The chapter house was the second most important building in the monastery range after the church. It was here that the monks met every day to discuss abbey business and to listen to a chapter from the Rule of St Benedict. The monks sat on stone benches around the walls as shown in the first picture showing the ruins of the chapter house at Rievaulx. It was here also that punishments were metered out to erring monks, important visitors greeted and Visitations conducted. It was here also that the abbots and monks of monasteries across the land surrendered their properties into the hands of Cromwell’s agents.
Burton and Kerr (page 80) emphasise how unusual the chapter house is at Rievaulx. Instead of being rectangular it has an apse (semi-circular end). It was also large enough to accommodate the lay brothers as well as the choir monks. The chapter house was built during the time of Abbot Aelred (abbot -1147-1167) but the shrine to Sir William of Rievaulx who was Aelred’s predecessor can still be seen behind a window of the chapter house.
Indeed in the earlier chapter houses it is perfectly normal to find the tombs of abbots as well as pavements bearing reference to patrons, even tombs of patrons in some cases. On a more prosaic level in Cistercian chapter houses libraries in the form of book cupboards built into the walls can also be found.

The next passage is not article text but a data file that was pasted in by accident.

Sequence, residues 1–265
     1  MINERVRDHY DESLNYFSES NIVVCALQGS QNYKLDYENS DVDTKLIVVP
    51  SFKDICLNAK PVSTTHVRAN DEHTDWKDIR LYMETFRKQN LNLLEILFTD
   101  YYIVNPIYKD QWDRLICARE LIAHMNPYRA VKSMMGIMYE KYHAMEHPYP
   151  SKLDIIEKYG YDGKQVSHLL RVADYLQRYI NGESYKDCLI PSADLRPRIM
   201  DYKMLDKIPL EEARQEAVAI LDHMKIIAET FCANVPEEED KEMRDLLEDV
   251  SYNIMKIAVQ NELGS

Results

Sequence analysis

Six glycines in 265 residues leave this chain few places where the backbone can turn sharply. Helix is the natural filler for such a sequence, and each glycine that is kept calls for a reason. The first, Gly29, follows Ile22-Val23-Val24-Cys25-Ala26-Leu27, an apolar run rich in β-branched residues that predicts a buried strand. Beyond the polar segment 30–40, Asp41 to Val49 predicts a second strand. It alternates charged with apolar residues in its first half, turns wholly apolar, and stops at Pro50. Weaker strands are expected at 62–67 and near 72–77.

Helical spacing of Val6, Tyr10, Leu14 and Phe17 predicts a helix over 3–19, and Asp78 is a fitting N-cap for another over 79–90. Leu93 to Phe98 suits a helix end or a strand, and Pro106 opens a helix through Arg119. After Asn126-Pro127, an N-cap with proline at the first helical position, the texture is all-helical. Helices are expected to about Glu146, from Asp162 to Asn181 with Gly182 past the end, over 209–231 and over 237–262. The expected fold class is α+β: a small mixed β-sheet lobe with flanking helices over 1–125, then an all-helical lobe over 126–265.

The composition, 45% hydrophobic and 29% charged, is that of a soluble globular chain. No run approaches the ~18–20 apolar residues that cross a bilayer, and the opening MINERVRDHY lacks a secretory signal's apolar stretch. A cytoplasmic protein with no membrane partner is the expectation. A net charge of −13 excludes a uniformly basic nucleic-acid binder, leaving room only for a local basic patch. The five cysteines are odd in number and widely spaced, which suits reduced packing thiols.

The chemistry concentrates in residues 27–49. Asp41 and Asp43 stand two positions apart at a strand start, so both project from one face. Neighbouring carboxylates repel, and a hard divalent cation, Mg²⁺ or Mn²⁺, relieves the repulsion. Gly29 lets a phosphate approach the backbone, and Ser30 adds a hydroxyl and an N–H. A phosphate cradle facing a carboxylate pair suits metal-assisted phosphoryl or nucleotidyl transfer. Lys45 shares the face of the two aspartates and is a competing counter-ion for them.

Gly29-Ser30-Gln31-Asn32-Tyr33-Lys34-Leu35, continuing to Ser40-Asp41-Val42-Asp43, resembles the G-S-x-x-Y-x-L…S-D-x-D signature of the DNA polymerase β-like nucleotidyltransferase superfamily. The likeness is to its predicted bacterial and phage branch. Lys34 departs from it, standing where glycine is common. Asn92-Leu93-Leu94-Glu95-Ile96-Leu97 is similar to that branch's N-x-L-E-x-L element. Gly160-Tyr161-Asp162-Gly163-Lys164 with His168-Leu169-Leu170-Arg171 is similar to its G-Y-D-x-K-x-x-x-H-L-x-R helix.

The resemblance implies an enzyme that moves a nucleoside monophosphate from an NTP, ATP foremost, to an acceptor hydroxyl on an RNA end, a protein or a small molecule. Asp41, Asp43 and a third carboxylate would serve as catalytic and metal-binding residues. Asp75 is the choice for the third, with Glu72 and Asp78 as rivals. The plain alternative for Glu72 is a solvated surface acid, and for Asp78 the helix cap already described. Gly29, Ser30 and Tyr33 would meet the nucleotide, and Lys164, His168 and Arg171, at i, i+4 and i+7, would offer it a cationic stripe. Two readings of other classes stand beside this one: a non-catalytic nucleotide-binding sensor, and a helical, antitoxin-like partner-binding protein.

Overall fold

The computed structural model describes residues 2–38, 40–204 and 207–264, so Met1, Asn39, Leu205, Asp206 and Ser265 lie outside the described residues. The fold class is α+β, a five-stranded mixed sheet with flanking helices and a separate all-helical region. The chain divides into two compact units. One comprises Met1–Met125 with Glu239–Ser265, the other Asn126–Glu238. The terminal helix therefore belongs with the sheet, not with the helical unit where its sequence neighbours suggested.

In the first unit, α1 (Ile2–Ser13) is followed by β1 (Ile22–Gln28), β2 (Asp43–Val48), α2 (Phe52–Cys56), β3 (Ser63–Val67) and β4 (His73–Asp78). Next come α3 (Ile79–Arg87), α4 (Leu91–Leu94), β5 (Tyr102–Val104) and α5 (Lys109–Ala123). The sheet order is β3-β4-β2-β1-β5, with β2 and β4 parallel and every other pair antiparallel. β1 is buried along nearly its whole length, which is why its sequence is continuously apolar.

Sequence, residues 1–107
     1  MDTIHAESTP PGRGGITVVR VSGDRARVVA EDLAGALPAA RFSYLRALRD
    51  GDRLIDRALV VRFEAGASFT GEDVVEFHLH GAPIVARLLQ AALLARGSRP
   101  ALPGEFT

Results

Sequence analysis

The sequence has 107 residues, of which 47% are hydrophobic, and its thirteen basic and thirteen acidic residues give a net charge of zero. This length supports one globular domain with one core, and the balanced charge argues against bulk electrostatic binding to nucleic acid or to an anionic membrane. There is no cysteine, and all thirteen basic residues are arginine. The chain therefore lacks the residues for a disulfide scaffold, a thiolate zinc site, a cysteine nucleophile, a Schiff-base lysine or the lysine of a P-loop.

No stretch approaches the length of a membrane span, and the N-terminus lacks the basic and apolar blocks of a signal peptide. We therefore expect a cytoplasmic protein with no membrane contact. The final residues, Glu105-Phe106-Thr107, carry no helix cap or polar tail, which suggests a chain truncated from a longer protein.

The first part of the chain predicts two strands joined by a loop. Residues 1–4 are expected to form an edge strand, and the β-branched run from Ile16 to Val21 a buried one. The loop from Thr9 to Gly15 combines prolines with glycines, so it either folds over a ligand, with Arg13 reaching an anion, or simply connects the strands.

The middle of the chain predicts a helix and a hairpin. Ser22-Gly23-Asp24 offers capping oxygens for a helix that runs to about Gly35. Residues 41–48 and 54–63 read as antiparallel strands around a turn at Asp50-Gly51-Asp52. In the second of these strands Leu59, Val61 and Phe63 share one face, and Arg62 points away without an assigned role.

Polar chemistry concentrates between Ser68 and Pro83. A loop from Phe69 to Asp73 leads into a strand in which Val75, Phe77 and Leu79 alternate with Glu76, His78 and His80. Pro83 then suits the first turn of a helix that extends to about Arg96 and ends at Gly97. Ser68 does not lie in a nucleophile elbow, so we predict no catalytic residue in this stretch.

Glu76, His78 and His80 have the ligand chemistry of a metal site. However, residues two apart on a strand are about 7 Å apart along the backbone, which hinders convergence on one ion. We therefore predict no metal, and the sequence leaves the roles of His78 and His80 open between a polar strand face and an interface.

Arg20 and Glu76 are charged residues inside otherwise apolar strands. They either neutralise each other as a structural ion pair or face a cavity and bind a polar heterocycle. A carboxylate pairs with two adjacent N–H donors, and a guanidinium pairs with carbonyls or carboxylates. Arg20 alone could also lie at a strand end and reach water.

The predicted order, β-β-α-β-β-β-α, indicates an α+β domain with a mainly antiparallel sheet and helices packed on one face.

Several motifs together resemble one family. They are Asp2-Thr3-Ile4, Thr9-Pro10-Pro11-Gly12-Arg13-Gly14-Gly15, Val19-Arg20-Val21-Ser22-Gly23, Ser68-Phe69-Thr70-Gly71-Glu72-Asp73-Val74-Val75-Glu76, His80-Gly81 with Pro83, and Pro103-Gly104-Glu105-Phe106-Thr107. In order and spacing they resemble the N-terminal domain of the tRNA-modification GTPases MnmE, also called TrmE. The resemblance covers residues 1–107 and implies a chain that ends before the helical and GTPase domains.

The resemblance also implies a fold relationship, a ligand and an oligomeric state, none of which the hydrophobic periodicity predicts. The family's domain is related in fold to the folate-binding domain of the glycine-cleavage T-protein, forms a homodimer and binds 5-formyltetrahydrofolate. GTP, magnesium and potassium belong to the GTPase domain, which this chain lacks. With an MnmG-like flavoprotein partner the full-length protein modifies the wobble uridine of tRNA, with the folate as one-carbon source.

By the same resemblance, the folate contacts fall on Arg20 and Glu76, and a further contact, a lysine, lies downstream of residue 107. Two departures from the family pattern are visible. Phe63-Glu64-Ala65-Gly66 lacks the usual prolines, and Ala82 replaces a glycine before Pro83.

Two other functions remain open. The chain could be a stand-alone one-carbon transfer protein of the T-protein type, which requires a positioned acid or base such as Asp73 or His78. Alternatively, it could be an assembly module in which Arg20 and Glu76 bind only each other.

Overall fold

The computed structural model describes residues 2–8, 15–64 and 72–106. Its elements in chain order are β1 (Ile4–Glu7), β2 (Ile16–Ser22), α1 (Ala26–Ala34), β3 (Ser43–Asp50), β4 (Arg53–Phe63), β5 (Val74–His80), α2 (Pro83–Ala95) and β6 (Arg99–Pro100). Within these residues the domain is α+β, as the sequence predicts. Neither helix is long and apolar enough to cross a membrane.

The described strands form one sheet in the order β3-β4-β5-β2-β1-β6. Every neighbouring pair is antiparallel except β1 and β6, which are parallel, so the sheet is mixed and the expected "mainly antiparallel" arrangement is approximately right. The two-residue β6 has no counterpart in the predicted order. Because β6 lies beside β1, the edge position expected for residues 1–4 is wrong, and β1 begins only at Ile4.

As with much else about monasteries the chapter house changed according to the period in which it was built. Early chapter houses are rectangular ground floor affairs beneath the dormitory but they became increasingly ornate as the medieval period advanced. The chapter house became a separate vaulted building, some with apses and others, which took on a polygon shape- sometimes the original rectangular chapter house became an outer room leading to the chapter house which projected out of the east range. Many chapter houses are separate from the church, with a slype or alleyway between the church and the chapter house but in other places, such as Chester the chapter house adjoins the church. Some chapter houses such as the ones at Southwell are heavily decorated. In Southwell it’s possible to spend hours in the chapter house looking for green men. Foliate heads of all sizes peer at you from the masonry where as at Wells, as the two photographs in this paragraph show, the vaulted ceiling and lantern of glasswork will have you craning your neck.
Burton, Janet and Kerr, Julie (2011) The Cistercians in the Middle Ages (Monastic Orders). Woodbridge: Boydell and Brewer,